Mediastinal Masses Flashcards Preview

Spr2015_Week6 > Mediastinal Masses > Flashcards

Flashcards in Mediastinal Masses Deck (42):
1

Anatomy of the Mediastinum

A/P view

Superior = thoracic inlet

Inferior = diaphragm

Left and right = parietal pleura

2

Anatomy of Mediastinum
Lateral view

anterior = Sternum

posterior = paravertebral gutters and ribs

3

Anterior-Superior Compartment

1) thymus gland

2) aortic root and great vessels

3) substernal thyroid and parathyroid tissue

4) lymph vessels and nodes

5) inferior trachea and esophagus

4

Middle Compartment

1) pericardial sac

2) heart

3) inominate veins and SVC

4) trachea and major bronchi

5) hila

6) lymph nodes

7) phrenic, upper vagus and recurrent laryngeal nerves

5

Posterior compartment

lower vagus nerves

sympathetic chains

*** update

6

Mediastinal Masses

__% of asymptomatic masses are benign

__ % of symptomatic masses are malignant

80%

50%

7

Symptoms of mediastinal masses
Local

Systemic

Local =
1) compression of adjacent structures

2) invasion of adjacent structures

Systemic
1) fever, anorexia, weight loss
2) endocrine (thymus/thyroid)
3) autoimmune (thymus)

8

Adults and children

ratio of anterior posterior middle mases

adults = 65% anterior
25% posterior
10% middle

Children
65% posterior
25% anterior

9

Ddx of anterior mediastinal masses

terrible t

1) thyoma
2) teratoma = germ cell tumor
3) terrible lymphoma = hodgkin vs. non-hodgkin
4) thyroid tissue

Vascular = hematoma, aortic aneurysm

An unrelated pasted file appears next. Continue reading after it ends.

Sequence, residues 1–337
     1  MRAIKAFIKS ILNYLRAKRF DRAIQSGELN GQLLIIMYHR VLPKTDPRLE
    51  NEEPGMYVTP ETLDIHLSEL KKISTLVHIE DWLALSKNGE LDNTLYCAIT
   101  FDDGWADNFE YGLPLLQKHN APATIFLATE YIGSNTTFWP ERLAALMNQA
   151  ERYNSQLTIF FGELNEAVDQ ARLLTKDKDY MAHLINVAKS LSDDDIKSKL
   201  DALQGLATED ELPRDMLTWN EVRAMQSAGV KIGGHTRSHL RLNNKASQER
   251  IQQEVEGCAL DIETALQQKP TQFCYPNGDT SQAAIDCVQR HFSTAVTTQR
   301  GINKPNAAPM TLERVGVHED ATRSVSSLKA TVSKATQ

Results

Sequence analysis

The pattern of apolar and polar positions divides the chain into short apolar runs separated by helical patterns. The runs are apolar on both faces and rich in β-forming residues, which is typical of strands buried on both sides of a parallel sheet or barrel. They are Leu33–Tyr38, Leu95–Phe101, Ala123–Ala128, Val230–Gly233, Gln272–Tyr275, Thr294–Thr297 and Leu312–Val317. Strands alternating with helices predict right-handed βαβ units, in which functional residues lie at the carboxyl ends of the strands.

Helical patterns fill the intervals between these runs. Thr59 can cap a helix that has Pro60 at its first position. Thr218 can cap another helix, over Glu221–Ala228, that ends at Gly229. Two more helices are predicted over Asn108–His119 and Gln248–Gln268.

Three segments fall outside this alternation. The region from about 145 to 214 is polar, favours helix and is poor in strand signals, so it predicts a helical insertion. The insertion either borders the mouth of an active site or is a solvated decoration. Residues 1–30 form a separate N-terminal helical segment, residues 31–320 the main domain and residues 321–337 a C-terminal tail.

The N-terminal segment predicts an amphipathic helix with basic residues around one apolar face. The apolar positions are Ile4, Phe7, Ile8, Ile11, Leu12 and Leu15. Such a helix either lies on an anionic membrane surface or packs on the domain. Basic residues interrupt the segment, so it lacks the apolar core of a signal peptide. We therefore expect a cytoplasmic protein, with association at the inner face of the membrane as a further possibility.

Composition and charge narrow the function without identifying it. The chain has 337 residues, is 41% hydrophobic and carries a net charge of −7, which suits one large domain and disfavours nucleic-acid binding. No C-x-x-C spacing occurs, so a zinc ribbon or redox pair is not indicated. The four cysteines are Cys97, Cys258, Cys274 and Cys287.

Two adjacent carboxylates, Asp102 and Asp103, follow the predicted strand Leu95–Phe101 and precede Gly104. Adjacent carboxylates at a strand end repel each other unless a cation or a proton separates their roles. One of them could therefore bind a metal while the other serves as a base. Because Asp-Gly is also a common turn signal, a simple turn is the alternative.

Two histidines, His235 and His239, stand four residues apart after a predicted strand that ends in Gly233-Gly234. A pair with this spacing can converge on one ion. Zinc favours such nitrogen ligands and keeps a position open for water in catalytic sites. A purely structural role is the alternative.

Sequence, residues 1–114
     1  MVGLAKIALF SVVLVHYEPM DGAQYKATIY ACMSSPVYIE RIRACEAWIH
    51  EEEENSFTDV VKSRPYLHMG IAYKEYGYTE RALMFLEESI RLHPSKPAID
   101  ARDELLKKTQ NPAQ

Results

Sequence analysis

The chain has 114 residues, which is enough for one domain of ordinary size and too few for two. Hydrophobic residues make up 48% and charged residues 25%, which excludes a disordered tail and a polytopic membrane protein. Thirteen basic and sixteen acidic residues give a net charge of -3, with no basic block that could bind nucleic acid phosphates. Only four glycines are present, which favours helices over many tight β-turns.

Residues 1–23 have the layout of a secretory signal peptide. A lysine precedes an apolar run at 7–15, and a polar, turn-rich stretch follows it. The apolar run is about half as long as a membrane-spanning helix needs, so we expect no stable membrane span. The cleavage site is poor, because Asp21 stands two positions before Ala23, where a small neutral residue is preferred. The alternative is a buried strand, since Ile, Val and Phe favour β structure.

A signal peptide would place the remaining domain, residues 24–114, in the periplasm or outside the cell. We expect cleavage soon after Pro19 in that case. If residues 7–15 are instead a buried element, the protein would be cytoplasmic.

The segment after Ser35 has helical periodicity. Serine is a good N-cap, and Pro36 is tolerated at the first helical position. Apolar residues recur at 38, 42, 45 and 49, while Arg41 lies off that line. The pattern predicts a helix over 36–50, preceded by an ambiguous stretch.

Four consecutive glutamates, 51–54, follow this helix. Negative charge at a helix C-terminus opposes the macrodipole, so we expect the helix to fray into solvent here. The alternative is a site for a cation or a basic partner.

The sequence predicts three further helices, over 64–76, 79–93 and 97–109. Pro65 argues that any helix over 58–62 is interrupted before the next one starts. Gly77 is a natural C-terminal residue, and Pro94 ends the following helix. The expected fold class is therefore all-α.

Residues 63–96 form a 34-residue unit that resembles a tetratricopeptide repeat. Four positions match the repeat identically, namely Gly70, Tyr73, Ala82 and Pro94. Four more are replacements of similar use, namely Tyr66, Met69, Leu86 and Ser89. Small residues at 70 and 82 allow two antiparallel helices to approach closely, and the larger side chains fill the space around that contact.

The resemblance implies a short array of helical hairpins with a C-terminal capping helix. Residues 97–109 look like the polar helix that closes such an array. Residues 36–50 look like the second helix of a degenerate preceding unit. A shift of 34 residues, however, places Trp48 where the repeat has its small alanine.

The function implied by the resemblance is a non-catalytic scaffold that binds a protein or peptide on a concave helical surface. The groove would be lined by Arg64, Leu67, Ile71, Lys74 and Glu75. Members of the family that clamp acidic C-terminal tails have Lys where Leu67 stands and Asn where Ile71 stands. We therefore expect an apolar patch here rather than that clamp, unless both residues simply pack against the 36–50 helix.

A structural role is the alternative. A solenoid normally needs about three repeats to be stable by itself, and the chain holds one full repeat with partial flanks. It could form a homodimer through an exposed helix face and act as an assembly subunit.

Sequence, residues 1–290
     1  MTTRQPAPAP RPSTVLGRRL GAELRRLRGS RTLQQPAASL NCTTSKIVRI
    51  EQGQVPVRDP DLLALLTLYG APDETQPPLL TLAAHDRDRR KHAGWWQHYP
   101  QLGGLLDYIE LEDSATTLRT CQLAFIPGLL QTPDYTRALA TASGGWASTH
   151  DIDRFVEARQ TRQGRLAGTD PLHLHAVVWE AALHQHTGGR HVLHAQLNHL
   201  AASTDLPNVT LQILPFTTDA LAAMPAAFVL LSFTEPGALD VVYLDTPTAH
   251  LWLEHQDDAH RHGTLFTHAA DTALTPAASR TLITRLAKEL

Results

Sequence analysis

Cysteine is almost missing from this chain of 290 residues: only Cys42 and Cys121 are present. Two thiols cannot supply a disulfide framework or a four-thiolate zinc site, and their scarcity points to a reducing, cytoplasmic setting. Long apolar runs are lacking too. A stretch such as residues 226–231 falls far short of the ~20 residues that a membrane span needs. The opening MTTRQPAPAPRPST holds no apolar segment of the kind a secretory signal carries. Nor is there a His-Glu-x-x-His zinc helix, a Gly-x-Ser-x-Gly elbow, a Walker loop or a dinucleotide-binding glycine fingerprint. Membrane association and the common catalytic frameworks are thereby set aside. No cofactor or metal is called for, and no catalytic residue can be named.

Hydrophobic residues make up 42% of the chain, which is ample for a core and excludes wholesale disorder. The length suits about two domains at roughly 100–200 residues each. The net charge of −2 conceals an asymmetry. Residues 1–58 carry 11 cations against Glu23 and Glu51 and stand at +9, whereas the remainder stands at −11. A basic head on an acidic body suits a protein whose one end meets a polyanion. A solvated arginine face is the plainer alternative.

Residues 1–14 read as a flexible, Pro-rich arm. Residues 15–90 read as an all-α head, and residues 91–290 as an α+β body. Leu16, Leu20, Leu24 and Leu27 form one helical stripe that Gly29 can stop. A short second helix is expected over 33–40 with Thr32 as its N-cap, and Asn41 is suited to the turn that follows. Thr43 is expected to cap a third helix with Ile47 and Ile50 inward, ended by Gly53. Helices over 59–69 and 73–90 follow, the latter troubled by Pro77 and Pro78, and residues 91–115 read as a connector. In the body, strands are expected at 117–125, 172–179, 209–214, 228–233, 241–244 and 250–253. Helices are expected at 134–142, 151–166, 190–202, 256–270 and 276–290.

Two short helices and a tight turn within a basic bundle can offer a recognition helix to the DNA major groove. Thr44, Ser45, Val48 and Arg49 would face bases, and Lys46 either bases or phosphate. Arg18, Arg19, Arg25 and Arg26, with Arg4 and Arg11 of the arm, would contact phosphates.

5) mesenchymal neoplasm
6) diaphragmatic hernia (Morgagni)
7) primary carcinoma

10

Ddx of middle mediastinal masses

1) lymphadenopathy- around hill

2) developmental cysts

3) reactive and granulomatous inflamm (sarcoidosis)

11

Ddx of posterior mediastinal masses

Peripheral Nerve (neurinomas)

neurogenic tumors

sympathetic ganglia cysts

12

Symptoms assoc with obstruction of contiguous organs for mediastinal masses

1) dysphagia

2) SVC syndrome- compression of SVC = prevents venous return (erthyema of face and swelling and expansion of superficial skin veins)

13

Symptoms in general with mediastinal masses

B symptoms
1) fever > 38 for 3 days

2) weight loss > 10% TBW in 6 months

3) drenching night sweats

14

Physical exam with mediastinal masses

1) weight loss

2) lymphadenopathy

15

Radiologic studies to order

what labs to get for diagnosis of mediastinal mass

1) CXR (can't tell compartment from A/P)
2) CT scan

1) CBC with diff
2) beta-HCG, alpha-fetoprotein (assoc with germ cell tumors)

16

Procedural tests for mediastinal mass

1) needle aspiration
- transbronchial needle asp
- percutaneous needle asp
- endoscopic US guided asp/bx

2) mediastinoscopy, thoracoscopy

17

Complications of mediastinal masses

1) tracheal obstruction

2) SVC syndrome

3) Vascular invasion of thyroid cancers (hemorrhage)

4) esophageal rupture

18

Pleura
Define

2 single cell, continuous lining outer surface of lung, inner thoracic cavity

@ hilar root of lung

19

Disorders of the pleura

1) Pneumothorax

2) pleural effusion

20

Define pneumothorax

Types of pneumothorax

Air in pleural space

Spontaneous (primary = young, thin male, secondary = underlying chronic lung disease)

Traumatic (iatrogenic = procedure in hospital, non-iatrogenic = in public)

21

Causes of primary and secondary spontaneous pneumothorax

1) inherited follicular gene defects

2) COPD

3) PCP

4) MTb

5) necrotizing pneumonia

6) CF

7) ILDs

8) pneumoconiosis

9) Lung cancer

22

Traumatic Pneumothorax
Iatrogenic

Place central lines